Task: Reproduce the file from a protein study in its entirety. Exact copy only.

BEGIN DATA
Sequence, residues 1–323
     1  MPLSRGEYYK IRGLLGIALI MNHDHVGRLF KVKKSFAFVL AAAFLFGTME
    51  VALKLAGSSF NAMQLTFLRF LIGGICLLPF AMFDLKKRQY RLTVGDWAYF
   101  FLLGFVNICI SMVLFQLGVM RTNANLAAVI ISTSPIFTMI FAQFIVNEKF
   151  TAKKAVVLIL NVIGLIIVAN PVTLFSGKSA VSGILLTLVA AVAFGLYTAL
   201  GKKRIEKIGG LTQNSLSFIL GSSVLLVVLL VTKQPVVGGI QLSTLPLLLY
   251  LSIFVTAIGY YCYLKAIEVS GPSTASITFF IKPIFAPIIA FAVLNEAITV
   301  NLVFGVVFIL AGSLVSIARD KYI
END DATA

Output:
Sequence, residues 1–323
     1  MPLSRGEYYK IRGLLGIALI MNHDHVGRLF KVKKSFAFVL AAAFLFGTME
    51  VALKLAGSSF NAMQLTFLRF LIGGICLLPF AMFDLKKRQY RLTVGDWAYF
   101  FLLGFVNICI SMVLFQLGVM RTNANLAAVI ISTSPIFTMI FAQFIVNEKF
   151  TAKKAVVLIL NVIGLIIVAN PVTLFSGKSA VSGILLTLVA AVAFGLYTAL
   201  GKKRIEKIGG LTQNSLSFIL GSSVLLVVLL VTKQPVVGGI QLSTLPLLLY
   251  LSIFVTAIGY YCYLKAIEVS GPSTASITFF IKPIFAPIIA FAVLNEAITV
   301  NLVFGVVFIL AGSLVSIARD KYI